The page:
Objective: workers in slaughterhouses and processing plants that handle pigs, and pork butchers/meatcutters have been little studied for health risks associated with employment, in spite of the fact that they are potentially exposed to oncogenic and non-oncogenic transmissible agents and chemical carcinogens at work. We report here on an update of mortality in 510 workers employed in abattoirs and processing plants that almost exclusively handled pigs and pork products. Methods: standardized mortality ratios (SMRs) were estimated for the cohort as a whole, and in subgroups defined by race and sex, using the corresponding US general population mortality rates for comparison. Study subjects were followed up from January 1950 to December 2006, during which time 45% of them died. Results: mortality was significantly increased overall in the cohort. A statistically significant excess of deaths was observed for colon and lung cancers in the entire cohort, SMR=2.7 (95% CI, 1.2-5.1), SMR=1.8 (95% CI, 1.1-2.7), respectively. Significant SMRs in the cohort as a whole were also observed for senile and pre-senile psychotic conditions (SMR=5.1, 95% CI, 1.4-13.1), and pneumonia (SMR=2.6, 95% CI, 1.3-4.8). An observed excess of subarachnoid hemorrhage was seen mainly in whites (SMR=10.1, 95% CI, 1.2-36.3). There was a suggestion of an excess of deaths from ischemic heart disease also, but the elevated SMR was confined to men and was not statistically significant. Conclusion: this study confirms the excess occurrence of lung and colon cancers, and stroke previously reported in this occupational group. New findings are the excess of risk for senile and pre-senile psychotic conditions and pneumonia, which together with the excess of colon cancer appear specific for pig/pork workers, as they were not evident in much larger studies of workers in abattoirs and processing plants handling cattle and sheep. However, caution should be exercised in interpreting these findings, since some of them could have occurred by chance, resulting from our examination of a large number of causes of death in multiple study subgroups. For the moment, the significance of these findings remains unknown until they are confirmed in larger studies of adequate statistical power. Studies that will take into account possible occupational and non-occupational confounding factors are needed.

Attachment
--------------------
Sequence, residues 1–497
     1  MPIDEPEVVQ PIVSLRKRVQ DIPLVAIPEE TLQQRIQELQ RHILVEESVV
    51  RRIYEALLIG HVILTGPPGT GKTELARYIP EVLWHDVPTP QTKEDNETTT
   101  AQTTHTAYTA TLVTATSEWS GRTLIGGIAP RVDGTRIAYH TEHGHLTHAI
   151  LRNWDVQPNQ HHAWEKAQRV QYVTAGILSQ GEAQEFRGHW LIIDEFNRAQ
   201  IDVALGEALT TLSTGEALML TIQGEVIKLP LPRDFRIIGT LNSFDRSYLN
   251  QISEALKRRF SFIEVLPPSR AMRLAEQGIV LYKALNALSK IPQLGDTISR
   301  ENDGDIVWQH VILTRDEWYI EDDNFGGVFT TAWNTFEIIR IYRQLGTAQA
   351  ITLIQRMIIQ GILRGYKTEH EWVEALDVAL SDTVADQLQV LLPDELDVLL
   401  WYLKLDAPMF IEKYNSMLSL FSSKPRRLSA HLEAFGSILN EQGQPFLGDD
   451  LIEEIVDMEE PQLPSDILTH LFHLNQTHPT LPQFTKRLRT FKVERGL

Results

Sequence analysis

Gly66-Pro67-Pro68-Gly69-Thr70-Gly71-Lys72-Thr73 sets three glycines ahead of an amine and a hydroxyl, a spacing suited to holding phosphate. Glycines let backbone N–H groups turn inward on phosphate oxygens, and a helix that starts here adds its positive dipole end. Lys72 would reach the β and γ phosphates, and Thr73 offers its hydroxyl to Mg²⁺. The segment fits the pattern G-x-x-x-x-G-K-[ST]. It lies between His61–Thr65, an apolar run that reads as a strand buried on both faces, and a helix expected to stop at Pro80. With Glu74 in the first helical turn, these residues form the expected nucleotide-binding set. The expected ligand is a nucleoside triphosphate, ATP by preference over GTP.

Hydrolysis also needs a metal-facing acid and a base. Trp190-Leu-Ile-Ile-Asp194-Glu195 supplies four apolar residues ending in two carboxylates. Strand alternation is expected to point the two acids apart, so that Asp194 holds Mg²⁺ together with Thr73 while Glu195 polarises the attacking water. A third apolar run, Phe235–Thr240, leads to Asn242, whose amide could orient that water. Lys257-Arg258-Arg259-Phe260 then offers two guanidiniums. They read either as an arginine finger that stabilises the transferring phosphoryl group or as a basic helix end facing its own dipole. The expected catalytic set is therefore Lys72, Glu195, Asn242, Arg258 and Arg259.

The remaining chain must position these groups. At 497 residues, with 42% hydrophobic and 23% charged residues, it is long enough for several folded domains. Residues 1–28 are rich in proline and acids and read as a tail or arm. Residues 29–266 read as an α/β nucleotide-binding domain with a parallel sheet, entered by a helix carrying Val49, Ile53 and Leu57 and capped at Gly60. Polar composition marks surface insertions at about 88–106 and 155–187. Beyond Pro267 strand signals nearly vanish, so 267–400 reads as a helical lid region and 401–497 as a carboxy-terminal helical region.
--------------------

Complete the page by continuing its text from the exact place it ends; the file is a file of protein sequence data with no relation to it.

- Live animal
- Oncogenic viruses